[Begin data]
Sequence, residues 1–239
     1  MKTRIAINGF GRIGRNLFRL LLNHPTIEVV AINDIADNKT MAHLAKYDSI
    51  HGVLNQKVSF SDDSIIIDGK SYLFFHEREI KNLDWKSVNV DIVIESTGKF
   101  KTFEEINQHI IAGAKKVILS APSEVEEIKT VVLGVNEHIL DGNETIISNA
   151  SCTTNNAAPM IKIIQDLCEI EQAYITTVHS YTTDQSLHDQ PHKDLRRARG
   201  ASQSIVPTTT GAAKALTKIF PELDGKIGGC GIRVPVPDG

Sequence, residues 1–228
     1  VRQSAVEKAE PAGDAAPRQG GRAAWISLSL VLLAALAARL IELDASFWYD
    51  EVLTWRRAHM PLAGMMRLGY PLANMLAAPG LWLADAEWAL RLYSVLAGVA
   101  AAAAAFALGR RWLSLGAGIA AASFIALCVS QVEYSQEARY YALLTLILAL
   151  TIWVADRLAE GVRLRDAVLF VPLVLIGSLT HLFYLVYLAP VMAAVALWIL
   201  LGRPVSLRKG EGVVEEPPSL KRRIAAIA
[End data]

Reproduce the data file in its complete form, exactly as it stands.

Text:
Sequence, residues 1–239
     1  MKTRIAINGF GRIGRNLFRL LLNHPTIEVV AINDIADNKT MAHLAKYDSI
    51  HGVLNQKVSF SDDSIIIDGK SYLFFHEREI KNLDWKSVNV DIVIESTGKF
   101  KTFEEINQHI IAGAKKVILS APSEVEEIKT VVLGVNEHIL DGNETIISNA
   151  SCTTNNAAPM IKIIQDLCEI EQAYITTVHS YTTDQSLHDQ PHKDLRRARG
   201  ASQSIVPTTT GAAKALTKIF PELDGKIGGC GIRVPVPDG

Sequence, residues 1–228
     1  VRQSAVEKAE PAGDAAPRQG GRAAWISLSL VLLAALAARL IELDASFWYD
    51  EVLTWRRAHM PLAGMMRLGY PLANMLAAPG LWLADAEWAL RLYSVLAGVA
   101  AAAAAFALGR RWLSLGAGIA AASFIALCVS QVEYSQEARY YALLTLILAL
   151  TIWVADRLAE GVRLRDAVLF VPLVLIGSLT HLFYLVYLAP VMAAVALWIL
   201  LGRPVSLRKG EGVVEEPPSL KRRIAAIA